Holbrooke has insisted that no such deal existed.
Karadzic, who Serb authorities say was captured on July 21, said Holbrooke's offer was made in 1996 to "the statesmen and ministers who were my authorised representatives".
In return, Karadzic said he was expected to "completely disappear" from the public arena, and refrain from giving interviews or publishing any works.
"In a word, become invisible long enough for the Dayton agreement to be implemented in full," he said.
Holbrooke also allegedly promised that Karadzic's Serbian Democratic party would not be prohibited from taking part in elections.
Karadzic said Madeleine Albright, the former US secretary of state, had proposed to Biljana Plavsic, the president of the Bosnian Serb republic at the time, "that I get out of the way and go to Russia, Greece or Serbia and open a private clinic".
He said he tried to meet his end of the deal, but it later became apparent there were attempts to have him killed.
Karadzic said: "It is clear that, unable to fulfill the commitments he had undertaken on behalf of the USA, he (Holbrooke) switched to plan B - the liquidation of Radovan Karadzic.
"The agreement, which should have brought me peace and freedom, thus became a source of great danger to my life, and to the life and safety of my family and even my friends."
Karadzic said Holbrooke's desire that he should disappear was "fresher and stronger" than ever.
"I do not know how long the arm of Mr Holbrooke or Ms Albright is... or whether that arm can reach me here," he said.
Muhamed Sacirbey, a former Bosnian foreign minister and former ambassador to the UN, told Al Jazera that there is a strong possiblity that a deal did exist.
On the day the deal was made, I met Robert Frowick, a diplomat, and head of the OSCE mission overseeing Bosnian elections at the time. He told me that Karadzic had agreed to withdraw from politics," he said.
"I agreed it was good idea, considering we didn't want a war ciminal running for president of Bosnia. But I asked what was given to him in return ... there was moment of quiet ... and Frowick confimrmed that there was deal that Karadzic would not be arrested."
"I have no reason to be on Karadzic's side ... but unfortunately ... it is quite possible that Holbrooke, on behalf of the United States, made this deal with him," Sacirbey said.
Holbrooke, credited with the Dayton peace agreement that ended Bosnia's 1992-95 conflict, rejected Karadzic's claims in an interview with US broadcaster CNN on Thursday.
"In June of 1996 I went to Belgrade and negotiated an agreement with Milosevic and two of Karadzic's henchmen that he would quit as president of the Serb portion of Bosnia, and as head of his political party, immediately and disappear from public life," Holbrooke said.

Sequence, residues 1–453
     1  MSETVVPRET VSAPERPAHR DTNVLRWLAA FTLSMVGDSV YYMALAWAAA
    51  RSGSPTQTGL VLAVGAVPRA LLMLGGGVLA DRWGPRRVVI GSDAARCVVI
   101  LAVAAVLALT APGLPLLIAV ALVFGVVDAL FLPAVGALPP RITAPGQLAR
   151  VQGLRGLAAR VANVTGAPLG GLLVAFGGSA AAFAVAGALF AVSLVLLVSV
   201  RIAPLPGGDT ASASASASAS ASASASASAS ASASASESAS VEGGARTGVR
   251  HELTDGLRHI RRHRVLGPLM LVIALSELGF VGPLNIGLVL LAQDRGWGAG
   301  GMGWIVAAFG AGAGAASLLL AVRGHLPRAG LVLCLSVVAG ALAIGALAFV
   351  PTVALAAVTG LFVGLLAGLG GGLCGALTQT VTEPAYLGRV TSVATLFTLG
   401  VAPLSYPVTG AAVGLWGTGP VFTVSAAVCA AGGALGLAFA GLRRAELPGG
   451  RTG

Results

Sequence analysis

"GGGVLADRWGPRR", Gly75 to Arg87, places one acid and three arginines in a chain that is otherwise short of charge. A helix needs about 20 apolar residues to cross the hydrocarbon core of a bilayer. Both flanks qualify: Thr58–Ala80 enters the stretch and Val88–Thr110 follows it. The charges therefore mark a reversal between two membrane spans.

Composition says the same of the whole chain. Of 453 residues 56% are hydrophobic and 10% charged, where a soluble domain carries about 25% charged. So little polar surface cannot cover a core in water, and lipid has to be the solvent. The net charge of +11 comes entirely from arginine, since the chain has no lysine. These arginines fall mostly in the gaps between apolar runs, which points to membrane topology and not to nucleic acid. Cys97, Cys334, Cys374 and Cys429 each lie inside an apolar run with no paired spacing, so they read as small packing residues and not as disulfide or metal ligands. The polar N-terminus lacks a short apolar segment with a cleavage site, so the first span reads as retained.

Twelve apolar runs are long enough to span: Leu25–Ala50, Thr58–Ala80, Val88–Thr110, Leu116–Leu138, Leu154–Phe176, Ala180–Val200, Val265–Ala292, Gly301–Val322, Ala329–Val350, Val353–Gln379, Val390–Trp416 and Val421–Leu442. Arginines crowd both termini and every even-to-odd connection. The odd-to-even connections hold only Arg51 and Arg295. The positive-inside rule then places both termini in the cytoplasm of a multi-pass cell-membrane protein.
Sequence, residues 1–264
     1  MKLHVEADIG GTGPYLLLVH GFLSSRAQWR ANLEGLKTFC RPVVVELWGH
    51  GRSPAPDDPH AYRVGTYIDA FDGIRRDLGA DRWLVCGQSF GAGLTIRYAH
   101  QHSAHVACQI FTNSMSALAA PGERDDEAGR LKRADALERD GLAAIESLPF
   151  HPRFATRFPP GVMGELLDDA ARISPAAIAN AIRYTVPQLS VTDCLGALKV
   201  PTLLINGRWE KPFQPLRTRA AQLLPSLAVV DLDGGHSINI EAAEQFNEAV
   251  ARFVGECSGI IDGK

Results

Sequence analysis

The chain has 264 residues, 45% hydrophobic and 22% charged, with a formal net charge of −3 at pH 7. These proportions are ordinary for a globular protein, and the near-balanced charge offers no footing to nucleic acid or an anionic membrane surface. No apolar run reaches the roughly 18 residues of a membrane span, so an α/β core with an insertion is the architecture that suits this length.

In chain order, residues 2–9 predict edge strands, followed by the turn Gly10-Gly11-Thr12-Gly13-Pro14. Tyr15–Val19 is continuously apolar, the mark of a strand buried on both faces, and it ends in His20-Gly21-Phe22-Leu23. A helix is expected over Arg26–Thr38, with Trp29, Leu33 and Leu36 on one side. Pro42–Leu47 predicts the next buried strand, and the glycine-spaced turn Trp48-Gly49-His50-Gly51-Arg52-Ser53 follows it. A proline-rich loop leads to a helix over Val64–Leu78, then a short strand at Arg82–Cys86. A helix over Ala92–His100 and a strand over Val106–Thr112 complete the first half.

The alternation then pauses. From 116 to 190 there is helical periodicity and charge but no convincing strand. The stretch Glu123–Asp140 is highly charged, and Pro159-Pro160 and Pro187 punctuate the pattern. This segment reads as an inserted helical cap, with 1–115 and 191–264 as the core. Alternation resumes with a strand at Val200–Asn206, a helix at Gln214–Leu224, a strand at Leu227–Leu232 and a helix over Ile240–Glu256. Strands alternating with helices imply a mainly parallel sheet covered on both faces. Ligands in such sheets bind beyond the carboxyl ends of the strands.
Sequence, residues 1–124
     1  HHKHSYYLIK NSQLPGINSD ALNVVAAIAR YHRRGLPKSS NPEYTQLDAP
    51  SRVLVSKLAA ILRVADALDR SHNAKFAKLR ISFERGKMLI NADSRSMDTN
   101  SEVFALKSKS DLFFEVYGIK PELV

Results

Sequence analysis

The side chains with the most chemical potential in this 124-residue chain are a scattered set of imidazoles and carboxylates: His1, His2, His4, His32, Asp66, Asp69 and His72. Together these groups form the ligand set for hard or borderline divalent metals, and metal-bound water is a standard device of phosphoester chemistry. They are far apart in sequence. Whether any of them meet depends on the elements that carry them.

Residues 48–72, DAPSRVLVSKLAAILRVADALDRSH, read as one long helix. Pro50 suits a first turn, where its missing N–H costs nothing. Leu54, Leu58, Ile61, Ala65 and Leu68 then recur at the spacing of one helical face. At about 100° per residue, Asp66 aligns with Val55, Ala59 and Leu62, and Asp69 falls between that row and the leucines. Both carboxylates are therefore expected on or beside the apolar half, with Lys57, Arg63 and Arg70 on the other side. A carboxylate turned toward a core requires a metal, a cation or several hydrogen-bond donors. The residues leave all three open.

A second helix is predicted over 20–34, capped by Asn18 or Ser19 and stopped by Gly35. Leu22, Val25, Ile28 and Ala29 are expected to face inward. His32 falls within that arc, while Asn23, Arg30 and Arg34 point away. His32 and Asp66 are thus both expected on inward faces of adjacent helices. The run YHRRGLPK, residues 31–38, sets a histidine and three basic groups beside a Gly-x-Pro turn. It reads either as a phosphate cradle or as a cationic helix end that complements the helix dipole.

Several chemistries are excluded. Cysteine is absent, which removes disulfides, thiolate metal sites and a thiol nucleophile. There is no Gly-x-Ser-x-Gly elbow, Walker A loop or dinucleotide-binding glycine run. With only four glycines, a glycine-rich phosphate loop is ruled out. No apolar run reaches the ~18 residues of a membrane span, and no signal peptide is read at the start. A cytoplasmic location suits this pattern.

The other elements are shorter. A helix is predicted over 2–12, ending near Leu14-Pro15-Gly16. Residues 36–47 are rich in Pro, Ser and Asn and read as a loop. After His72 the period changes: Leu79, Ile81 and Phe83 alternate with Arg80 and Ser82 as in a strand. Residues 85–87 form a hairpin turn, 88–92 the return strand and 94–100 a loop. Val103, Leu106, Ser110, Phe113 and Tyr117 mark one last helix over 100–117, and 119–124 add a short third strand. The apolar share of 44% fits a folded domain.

"He [Karadzic] reluctantly signed that agreement without ever coming to the negotiations, but then in order to protect himself, he put out this false story."
Carl Bildt, Sweden's foreign minister, who helped negotiate an end to the Balkans conflict, also denied the allegations.
"Such a deal never existed. There has not been any attempt to drop the charges against Karadzic," he said on Friday.
|Carl Bildt helped mediate an end to the Balkans war in the 1990s [EPA]
"Both Holbrooke and I were actively involved [in the 1990s]... in an attempt to get Nato to intervene to have him arrested. This failed, but that is another story," Bildt said.
Karadzic said that after initial attempts to kill him, he had decided to present himself to the tribunal.
But he claimed he was misled when investigators from the tribunal, who came to his hometown of Pale to seize evidence, turned out to be from the office of the ICTY prosecutor.
He said they "fooled us and rummaged through our archives without legal protection. It then became clear to me that I could not come before the tribunal because the conditions for a fair trial would not be met."
He also detailed "irregularities" with his eventual capture and handover to authorities last month.
"Unknown civilians showed me a badge so quickly that I could not identify it, took me out of a public transport vehicle and held me in an unknown place for 74 hours," he said.
Karadzic has been indicted on 11 counts of war crimes in connection with the 1990s Bosnia conflict.
He has indicated he will defend himself at the trial.
Karadzic's lawyer said that he was seeking the return of a laptop containing his client's entire defence from Serbian authorities.